Wednesday, August 17, 2005

Unintelligently Designing the Intelligent Design Debate

The recent comments by President Bush supporting intelligent design have not only elicited the ire of the scientistic community (No, that is not a typo), but also some unfortunate comments from prominent conservatives. Ostensibly, the idea of these conservatives is to make the debate over intelligent design “more intelligent,” In fact, however, their proposal asks us to buy into an approach to the debate that is only slightly less disadvantageous than actually giving up.

In Suzanne Field’s recent column, “Designing an Intelligent Debate,” she advocates a philosophical error dating back to the Arab philosopher Averroes. “Intelligent design and the theory of evolution belong to separate spheres of theoretical thought: one is substantiated by faith, the other by scientific evidence.”

Her proposal received a faint echo in Tony Snow’s column on the same issue: “Why Can’t We Have a Rational Debate?” In Snow’s column, which was admittedly much more sober than Field’s, he remarks: “If God exists, He reveals himself through faith, not science.”

First of all, this is in direct contradiction to Apostle Paul (not an unimportant authority on the issue of faith and reason), who says that “that which may be known of God...the invisible things of him from the creation of the world" are “clearly seen” through the “things that are made.” Romans I: 19-20. Check it out.

Second, it is a philosophical view with a pedigree. The philosopher Etienne Gilson calls it view the “Doctrine of Twofold Truth.” The idea is to carve out two separate spheres of knowledge; one untouched by evidence, the other untouched by faith. Gilson’s account of this view—and the refutation if it by St. Thomas Aquinas at the University of Paris in 13th century, is the story of one of the great demolition jobs in the history of ideas. It is a story people like Fields and Snow ought to know.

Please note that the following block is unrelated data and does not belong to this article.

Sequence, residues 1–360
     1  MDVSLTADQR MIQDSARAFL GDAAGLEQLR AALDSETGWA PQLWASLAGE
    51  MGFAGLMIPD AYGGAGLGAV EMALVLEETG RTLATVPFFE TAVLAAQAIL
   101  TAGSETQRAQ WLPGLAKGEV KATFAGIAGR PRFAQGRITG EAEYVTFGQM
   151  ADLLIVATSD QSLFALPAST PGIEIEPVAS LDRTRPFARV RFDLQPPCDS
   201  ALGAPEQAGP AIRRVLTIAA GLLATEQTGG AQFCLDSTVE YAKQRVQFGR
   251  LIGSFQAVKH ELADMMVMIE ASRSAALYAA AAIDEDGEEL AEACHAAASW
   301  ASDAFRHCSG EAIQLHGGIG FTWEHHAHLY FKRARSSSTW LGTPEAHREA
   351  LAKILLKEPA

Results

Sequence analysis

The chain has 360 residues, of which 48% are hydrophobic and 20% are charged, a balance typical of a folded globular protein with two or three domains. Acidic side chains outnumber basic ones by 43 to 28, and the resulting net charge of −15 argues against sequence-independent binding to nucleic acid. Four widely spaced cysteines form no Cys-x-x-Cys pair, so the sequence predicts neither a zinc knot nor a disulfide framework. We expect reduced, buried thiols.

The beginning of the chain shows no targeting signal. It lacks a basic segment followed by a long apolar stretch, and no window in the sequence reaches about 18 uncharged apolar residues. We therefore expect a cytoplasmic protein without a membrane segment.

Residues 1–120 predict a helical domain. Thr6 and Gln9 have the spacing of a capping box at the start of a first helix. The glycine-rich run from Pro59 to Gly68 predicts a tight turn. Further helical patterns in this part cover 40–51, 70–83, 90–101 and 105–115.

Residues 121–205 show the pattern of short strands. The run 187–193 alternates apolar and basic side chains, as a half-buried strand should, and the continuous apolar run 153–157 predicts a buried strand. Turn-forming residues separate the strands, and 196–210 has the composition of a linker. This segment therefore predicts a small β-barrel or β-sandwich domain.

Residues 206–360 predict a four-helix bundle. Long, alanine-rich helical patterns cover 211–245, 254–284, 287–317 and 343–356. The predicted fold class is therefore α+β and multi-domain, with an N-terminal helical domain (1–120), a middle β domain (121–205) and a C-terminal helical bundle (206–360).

The origin of the idea lies with Averroes, a medieval Muslim thinker, but was taken up by Sigar of Brabant, a Master of Arts at the University of Paris. As is the case so often, G. K. Chesterton describes it best:

Siger of Brabant said this: the Church must be right theologically, but she can be wrong scientifically. There are two truths; the truth of the supernatural world, and the truth of the natural world, which contradicts the supernatural world. While we are being naturalists, we can suppose that Christianity is all nonsense; but then, when we remember that we are Christians, we must admit that Christianity is true even if it is nonsense. In other words, Siger of Brabant split the human head in two, like the blow in an old legend of battle; and declared that a man has two minds, with one of which he must entirely believe and with the other may utterly disbelieve… It was not two ways of finding the same truth; it was an untruthful way of pretending that there are two truths.

Field’s proposal is undoubtedly motivated by the desire to take some of the heat out of the debate, but such proposals rarely work. As Chesterton said elsewhere, “The full potentialities of human fury cannot be reached until a friend of both parties tactfully intervenes.”

Sunday, April 24, 2005

Cause of Death: Bad Reasoning

The debate over ending Terry Shiavo’s life was totally off point while she was actually alive. It is possible that it can be pulled back to the point now that she’s dead?

One of the reasons offered by proponents of her death for starving her was that she had expressed a desire while she was of sound mind “not to live that way.” But the fact that she expressed this wish is completely irrelevant to the decision about whether to pull her feeding tube.

In what other circumstance do we allow a person to have their life taken by someone else because the other person said at some previous time that they wouldn’t want to “live that way”? Suppose someone said to her husband, after driving through a poor part of town, “I sure wouldn’t want to live that way”? Does that mean that at some later point, when the family falls on hard financial times, and, say, has to move to a less luxurious home, the husband is justified in taking her life because he can establish that his wife had expressed this wish?

Of course not.